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Back crack plus hole repair


catnip
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This violin suffered from a fall and I am interested in how to repair it.  Weisshaar goes into detail about a through patch for the top (table) and the process of matching grain lines.  The two small missing pieces were found inside the violin so hopefully they will fit without having to match the flame.  I am thinking about removing the back to do a plaster cast and a reinforcing patch from the inside.    Can this repair be done by just removing the top and making a plaster cast with the back in place?

I have done a brief search to see if similar repairs were done but did not find any.   Suggestions and and advice would be appreciated,

   

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12 minutes ago, jacobsaunders said:

 If you want to make a cast, you will need to puzzle the bits in first, because a cast of a hole is of little use. I hope you have the missing bits, otherwise its probably not worth doing.

Cling film, rubber dam, or foil (whatever will be used to cover the back anyway) can be used to bridge the gap when making the plaster cast. It will leave a bump in the cast where the weight of the plaster deflected the film into the hole, but that can be carved away.

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23 minutes ago, David Burgess said:

Cling film, rubber dam, or foil (whatever will be used to cover the back anyway) can be used to bridge the gap when making the plaster cast. It will leave a bump in the cast where the weight of the plaster deflected the film into the hole, but that can be carved away.

Probably easier to make a new violin than do it arse over tit

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6 minutes ago, jacobsaunders said:

Probably easier to make a new violin than do it arse over tit

Yes, if the violin isn't very expensive, and is insured, I'd probably "total" it.

Mark, how would you do this? Make a cast, correct the cast, glue the pieces in (as well as the other cracks), re-soften the glue used on the broken area, and vacuum bag it into the cast?

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1 hour ago, David Burgess said:

 how would you do this? Make a cast, correct the cast, glue the pieces in (as well as the other cracks), re-soften the glue used on the broken area, and vacuum bag it into the cast?

The longer one works with plaster casts, the more important one finds getting the respective plate as near perfect as possible first, and then making a cast. Glueing such jagged breaks in maple all the more so, since it isn’t simply a case of pressing it downwards into a cast, but one will have to shove the jagged bits in all sorts of directions to get the breaks adiquately back together. Would be fascinated if Mark has any brilliant patent solution.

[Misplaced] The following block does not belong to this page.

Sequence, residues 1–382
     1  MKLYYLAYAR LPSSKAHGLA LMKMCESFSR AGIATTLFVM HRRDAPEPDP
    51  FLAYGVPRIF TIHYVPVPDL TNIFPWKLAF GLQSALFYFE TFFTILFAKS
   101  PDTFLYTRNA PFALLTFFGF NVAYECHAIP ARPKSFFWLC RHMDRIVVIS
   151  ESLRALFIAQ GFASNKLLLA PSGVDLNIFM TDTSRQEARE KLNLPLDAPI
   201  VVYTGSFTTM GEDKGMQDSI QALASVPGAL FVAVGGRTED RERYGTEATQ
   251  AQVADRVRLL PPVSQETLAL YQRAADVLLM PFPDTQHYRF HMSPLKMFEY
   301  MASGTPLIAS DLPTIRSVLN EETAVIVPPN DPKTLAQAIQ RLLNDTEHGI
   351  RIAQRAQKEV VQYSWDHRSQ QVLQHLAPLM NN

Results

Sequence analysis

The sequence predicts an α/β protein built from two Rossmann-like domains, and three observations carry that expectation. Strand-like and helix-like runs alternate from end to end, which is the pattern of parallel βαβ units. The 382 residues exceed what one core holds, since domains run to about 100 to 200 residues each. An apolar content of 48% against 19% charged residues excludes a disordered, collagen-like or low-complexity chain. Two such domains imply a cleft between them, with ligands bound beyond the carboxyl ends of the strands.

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I've spent waaay too much time thinking about this repair for one that's not in my shop.

I notice in the farthest point to the left in the photo of the damage that there seems to have been a point of impact.  Hopefully there isn't too much wood missing and it's mostly compressed and can be swelled back out.

I cannot know for sure how I would do this repair without having it in my hands, and suspect that my approach would change during the repair depending on the sequence of break glueing I decided on.  I would probably make a plaster cast before doing any gluing, but agree with Jacob that in most cases it's best to do as much pre-casting correction as possible.  Sorting out the proper sequence for gluing things and thinking ahead is important and will reduce  difficulties later on.

For the similar repair I did I used a variety of techniques, including gluing a few things in the plaster mold, but no more than I had to.  There was a 30x30mm piece that was fractured and separated from the rest of the back.  I used pillars and clamps on that piece to get those cracks glued before putting it in place and dealing with all the smaller bits.  I used the pillars or lower blocks glued to the inside a lot since I couldn't clamp against broken edges without causing damage.  I don't recall if I used a vacuum bag for gluing anything, but think I might have used one to hold the back into the mold while doing the preliminary fitting of the patch that reinforced the worst of the broken area.

I'm not sure the idea that David wonders about of "Make a cast, correct the cast, glue the pieces in (as well as the other cracks), re-soften the glue used on the broken area, and vacuum bag it into the cast?"  would work in a situation like this.  I think there would be so much swelling of the wood in the process of getting the glue to soften that the area would grow significantly and buckle.  Vacuum bagging, at least alone..., would not provide enough pressure to overcome this.  I suspect that there's also a good chance that other damage could occur as a result.  I wish it could be that easy.

As an aside, I usually only use vacuum bagging with a plate on an internal plaster mold for very difficult biased cracks at an acute angle to the varnished surface.  I do this in large part to avoid compression and subsequent deformation of the wood at the crack due to glue saturation.  Experience and experimentation is critical.  This method is particularly fun with cellos... ;)

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Edited by Mark Norfleet
An attempt at clarity.
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